The controller asks the model object to save itself. Ordinarily the object would save a record of itself to the database with a paid_amount value of 0.0. But if there’s a validator on the model, then things are a little different...

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  4. The model object runs its validator(s).

    When the model object is asked to insert or update a record to the database, it first runs its validators. The validators check the values in the underlying form data stored inside the ClientWorkout object. Our paid_amount validator records an error because “$50” is not numeric.

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  5. The model object decides whether it’s OK to save the record.

    Only after the validator has run will the model object decide if it can save the record to the database. How does it decide? It looks to see if any errors have been created. The paid_amount validator failed so the model skips saving a record and tells the controller that something went wrong.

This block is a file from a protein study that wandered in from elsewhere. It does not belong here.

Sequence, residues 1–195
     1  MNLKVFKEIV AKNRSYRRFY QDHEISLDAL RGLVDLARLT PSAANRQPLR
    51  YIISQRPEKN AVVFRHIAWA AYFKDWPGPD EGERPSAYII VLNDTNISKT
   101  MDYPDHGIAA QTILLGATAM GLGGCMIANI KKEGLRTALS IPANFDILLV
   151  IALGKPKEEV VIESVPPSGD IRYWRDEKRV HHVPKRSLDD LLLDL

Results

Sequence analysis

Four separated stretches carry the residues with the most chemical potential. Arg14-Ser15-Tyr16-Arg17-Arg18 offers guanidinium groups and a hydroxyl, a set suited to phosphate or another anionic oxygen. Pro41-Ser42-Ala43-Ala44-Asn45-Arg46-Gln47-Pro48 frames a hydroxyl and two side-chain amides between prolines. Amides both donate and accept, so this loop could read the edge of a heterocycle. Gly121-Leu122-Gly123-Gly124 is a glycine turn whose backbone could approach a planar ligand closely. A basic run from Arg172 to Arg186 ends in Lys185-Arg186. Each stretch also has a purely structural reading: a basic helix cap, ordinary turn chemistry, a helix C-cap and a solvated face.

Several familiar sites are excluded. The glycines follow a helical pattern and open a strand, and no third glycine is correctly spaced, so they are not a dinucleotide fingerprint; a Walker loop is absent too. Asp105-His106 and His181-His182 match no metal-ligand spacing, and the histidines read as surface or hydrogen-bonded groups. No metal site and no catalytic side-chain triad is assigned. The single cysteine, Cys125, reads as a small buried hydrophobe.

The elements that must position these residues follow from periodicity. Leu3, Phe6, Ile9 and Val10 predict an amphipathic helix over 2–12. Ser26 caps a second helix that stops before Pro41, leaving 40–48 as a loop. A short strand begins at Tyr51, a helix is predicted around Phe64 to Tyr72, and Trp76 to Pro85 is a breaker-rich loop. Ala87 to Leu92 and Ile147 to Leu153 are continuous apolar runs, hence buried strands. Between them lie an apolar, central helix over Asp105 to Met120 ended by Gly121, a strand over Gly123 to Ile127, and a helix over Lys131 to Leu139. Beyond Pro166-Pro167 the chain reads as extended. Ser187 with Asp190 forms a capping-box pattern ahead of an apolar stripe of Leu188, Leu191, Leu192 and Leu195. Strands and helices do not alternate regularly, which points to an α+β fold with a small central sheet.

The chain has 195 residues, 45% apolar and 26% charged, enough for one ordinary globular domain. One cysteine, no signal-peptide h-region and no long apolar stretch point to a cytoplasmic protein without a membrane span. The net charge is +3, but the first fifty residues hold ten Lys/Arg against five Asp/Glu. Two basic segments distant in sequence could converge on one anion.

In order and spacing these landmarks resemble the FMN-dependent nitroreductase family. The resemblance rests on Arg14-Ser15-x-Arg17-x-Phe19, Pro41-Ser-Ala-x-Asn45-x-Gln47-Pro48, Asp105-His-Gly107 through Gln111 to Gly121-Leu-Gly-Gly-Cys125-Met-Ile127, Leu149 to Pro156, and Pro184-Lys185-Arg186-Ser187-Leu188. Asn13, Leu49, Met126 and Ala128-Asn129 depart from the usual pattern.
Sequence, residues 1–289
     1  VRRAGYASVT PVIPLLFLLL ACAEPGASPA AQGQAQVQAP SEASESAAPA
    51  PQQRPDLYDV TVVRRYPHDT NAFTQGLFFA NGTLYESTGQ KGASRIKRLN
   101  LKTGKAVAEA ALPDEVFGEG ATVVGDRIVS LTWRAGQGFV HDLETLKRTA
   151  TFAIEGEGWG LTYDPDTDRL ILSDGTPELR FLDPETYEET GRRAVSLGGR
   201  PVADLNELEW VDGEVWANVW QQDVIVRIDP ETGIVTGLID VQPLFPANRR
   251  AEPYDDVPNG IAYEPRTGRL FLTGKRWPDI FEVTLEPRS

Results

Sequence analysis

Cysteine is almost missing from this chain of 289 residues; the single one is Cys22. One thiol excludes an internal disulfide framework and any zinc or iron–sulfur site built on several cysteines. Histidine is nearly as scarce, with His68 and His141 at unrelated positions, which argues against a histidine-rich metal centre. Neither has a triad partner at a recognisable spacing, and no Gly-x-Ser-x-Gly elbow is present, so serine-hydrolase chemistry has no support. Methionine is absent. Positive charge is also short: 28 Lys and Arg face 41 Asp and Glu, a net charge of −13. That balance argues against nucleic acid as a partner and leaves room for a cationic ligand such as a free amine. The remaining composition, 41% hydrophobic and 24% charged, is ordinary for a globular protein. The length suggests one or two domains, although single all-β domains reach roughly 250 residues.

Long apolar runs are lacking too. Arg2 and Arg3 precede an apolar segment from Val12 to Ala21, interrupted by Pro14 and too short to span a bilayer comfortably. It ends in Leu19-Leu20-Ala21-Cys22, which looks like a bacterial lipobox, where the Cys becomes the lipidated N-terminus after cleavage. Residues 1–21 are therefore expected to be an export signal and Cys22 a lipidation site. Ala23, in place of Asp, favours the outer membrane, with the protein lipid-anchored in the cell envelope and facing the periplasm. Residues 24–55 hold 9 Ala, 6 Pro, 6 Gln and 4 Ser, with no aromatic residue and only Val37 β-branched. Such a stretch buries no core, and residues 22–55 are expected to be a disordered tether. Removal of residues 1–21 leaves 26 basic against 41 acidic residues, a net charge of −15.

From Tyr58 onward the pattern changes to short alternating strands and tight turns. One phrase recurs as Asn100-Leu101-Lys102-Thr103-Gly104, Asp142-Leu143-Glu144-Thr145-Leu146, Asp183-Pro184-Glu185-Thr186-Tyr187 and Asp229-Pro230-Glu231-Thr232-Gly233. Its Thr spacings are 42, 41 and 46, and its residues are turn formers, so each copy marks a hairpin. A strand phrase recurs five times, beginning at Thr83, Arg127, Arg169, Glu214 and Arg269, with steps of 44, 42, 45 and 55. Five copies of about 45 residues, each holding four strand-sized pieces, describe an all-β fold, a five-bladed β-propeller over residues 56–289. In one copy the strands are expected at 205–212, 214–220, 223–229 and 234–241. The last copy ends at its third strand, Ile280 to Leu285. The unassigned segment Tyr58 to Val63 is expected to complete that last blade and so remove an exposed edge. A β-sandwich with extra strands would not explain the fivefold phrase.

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  6. The controller returns the user to the form.

    The code in the controller knows that something went wrong, so it returns the user to the form page so that the errors can be corrected.

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Let’s check if something is a number

We’ll check the paid_amount field with a validator called validates_numericality_of. The validator will belong to a model object, so we need to add it to the model code in client_workout.rb:

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This will create an instance of the validator for each ClientWorkout object.

The validator needs the name of the attribute it’s going to check. Like pretty much all names in Ruby, the attribute name is given as a symbol: :paid_amount.

Remember that a symbol is a little like a string. Symbols always begin with a colon (:) and are generally used to refer to the names of things, like the names of fields and attributes.

So how will this all actually work in our app? Let’s say the controller has a ClientWorkout model object called @client_workout.

Whenever the controller calls or @client_workout.update_attributes, the model object will run the validates_numericality_of validator.

If the original form data inside the model object has “$50” recorded against the paid_amount field, the validator will generate an error. Rails will spot the error and abort the database update.

That’s the theory. Let’s see if this all works.

Users have been leaving out data on their workout forms

Some people are have been leaving fields blank. For example, one of the trainers has been forgetting to enter his own name on some of the workouts he’s entered. Later on, when he searches for all of his own workouts, he can’t find the ones where he left his name off.